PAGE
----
Down the line


By Eddie Anderson, Edinburg Director of Golf

Spend some time on the first tee or practice range of nearly any course on a Saturday morning, and you will see every form of punishment ever to be afflicted on a golf ball.  Many players take the latest golf tip they received and take it to extreme limits.  “Low and slow” on the backswing ends up being a club that never gets above knee level, or “up and away” results in a motion suited for clubbing rattlesnakes to death in a phone booth.

One of the best images of swinging a golf club is to think of your body as a rubber band.  If you pull it one way on the backswing, it’s going to rocket in the opposite direction on the way back.  For example, many players take their club too much to the inside of their target line on takeaway.  This simply means that instead of keeping their hands the same distance from their body when taking it back for the first few feet, they tend to pull the club toward and around themselves and the club head travels to the “inside.”

You see this often with beginners.  The arms simply follow the body by instinct and go too much around the body and behind them to the top of their swing.  As the club is returned to the ball, centrifugal force takes over.  It comes around and is pulled out and over the top of the ball.  They are told by well intentioned friends that they aren’t watching the ball.  The truth is that they simply do not have the strength to offset the force of a club head traveling 70 mph or more in the wrong direction.  If they are lucky to make contact, it is usually a big slice or sharp pull.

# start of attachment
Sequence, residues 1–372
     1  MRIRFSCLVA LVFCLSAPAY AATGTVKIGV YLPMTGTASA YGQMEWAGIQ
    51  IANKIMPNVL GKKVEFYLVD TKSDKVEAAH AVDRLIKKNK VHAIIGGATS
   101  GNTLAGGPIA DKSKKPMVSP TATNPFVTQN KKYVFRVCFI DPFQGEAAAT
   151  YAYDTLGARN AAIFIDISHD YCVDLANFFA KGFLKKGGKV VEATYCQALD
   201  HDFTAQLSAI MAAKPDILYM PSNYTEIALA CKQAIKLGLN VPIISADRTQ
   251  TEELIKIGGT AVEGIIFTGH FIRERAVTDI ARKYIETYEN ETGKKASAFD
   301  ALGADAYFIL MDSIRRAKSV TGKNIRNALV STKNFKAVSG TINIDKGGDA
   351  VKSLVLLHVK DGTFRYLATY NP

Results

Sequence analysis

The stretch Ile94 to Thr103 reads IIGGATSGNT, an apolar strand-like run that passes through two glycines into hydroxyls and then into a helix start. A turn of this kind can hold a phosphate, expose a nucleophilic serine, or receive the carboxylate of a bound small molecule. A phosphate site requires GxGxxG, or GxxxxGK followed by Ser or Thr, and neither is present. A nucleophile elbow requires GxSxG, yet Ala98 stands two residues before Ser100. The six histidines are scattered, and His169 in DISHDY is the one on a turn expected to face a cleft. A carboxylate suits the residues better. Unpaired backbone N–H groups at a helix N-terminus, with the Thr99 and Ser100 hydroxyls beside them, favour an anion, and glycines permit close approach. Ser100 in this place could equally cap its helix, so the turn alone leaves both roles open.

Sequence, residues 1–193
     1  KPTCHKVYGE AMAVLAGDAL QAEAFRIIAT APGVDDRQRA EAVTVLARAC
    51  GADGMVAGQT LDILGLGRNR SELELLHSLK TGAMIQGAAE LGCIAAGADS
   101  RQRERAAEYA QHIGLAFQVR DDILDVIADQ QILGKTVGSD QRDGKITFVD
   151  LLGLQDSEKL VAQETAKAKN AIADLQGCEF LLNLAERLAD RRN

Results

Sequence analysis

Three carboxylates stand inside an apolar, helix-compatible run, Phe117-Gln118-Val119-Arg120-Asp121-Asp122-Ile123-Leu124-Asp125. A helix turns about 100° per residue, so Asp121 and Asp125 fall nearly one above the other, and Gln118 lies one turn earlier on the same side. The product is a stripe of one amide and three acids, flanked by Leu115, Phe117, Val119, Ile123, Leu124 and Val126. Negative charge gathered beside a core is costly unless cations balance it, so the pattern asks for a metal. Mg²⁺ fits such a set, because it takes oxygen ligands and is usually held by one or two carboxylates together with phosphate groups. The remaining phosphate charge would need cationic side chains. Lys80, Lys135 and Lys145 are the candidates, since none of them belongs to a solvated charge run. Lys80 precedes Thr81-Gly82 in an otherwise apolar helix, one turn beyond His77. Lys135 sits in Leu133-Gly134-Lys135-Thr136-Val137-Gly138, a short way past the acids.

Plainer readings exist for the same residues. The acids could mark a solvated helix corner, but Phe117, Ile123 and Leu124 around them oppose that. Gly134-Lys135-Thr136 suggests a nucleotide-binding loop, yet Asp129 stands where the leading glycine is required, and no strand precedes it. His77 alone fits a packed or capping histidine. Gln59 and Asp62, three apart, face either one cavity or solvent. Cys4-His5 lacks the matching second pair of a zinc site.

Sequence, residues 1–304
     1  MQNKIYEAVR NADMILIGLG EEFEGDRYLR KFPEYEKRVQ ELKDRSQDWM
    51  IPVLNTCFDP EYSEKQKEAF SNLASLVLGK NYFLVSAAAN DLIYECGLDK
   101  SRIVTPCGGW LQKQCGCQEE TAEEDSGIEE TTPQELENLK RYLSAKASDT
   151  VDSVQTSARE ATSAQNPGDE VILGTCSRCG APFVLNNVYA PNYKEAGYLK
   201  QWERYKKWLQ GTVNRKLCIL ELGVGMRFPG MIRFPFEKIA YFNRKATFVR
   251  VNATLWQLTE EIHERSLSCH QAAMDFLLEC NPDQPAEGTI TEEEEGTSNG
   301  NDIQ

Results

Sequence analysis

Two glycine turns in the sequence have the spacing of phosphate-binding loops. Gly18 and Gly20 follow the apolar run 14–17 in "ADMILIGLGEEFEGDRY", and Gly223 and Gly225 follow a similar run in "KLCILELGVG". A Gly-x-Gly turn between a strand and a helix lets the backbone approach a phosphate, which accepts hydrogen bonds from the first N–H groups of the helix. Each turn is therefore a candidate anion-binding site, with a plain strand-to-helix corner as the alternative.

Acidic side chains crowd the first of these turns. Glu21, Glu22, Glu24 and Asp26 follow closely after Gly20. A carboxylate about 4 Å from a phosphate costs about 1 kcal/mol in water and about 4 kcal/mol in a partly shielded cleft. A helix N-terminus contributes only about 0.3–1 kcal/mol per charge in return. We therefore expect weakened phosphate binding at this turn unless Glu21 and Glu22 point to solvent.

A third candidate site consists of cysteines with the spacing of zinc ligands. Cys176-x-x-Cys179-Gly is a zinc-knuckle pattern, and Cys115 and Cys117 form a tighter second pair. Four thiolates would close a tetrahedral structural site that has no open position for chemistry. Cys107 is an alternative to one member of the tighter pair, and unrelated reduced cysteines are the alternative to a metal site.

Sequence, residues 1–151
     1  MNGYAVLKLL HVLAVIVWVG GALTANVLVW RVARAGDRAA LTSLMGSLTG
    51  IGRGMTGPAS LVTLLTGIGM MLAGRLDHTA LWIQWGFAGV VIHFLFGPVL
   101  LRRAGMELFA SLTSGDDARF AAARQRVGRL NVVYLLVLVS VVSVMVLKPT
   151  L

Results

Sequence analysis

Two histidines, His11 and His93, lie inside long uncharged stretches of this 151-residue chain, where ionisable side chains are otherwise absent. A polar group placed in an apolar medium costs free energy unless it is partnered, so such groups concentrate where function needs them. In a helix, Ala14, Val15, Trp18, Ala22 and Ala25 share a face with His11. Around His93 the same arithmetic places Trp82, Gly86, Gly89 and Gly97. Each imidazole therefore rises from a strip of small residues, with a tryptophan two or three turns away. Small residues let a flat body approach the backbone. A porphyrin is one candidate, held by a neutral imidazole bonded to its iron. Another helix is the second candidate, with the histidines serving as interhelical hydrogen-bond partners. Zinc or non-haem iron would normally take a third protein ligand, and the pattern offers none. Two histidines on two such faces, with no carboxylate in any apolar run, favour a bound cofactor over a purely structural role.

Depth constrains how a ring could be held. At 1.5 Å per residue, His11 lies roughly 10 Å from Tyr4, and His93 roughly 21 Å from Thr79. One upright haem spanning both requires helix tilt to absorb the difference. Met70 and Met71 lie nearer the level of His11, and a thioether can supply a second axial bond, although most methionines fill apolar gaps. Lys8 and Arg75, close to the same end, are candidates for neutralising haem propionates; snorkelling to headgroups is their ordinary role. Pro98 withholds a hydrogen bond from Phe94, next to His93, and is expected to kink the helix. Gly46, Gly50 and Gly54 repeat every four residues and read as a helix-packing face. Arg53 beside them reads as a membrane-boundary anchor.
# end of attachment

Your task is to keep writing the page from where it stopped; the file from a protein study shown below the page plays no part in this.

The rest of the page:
Here’s your simple fix.  Find two clubs – preferably older ones or ones that belong to someone who keeps beating you every week.  Place them on the ground parallel to each other and about six or seven inches apart.  If right handed, the grips should be pointing to your right and the heads should be pointing at your target.  There should be a little more than an inch on each side of your club head when you place it between the two clubs.  Place a ball on a tee about midway from the grip end and between the clubs.  Hitting from a tee encourages a better, and less steep, swing path.

Hit half shots with the club going back through the ends of your grip on the backswing, and then swing with a feeling that you are traveling back down between the ends of the two grips.  Keep it up until you can move to full swings.  This simple motion will make you look less like Stretch Armstrong for eighteen holes, and more like the guy who takes in all the money each week in the 19th hole.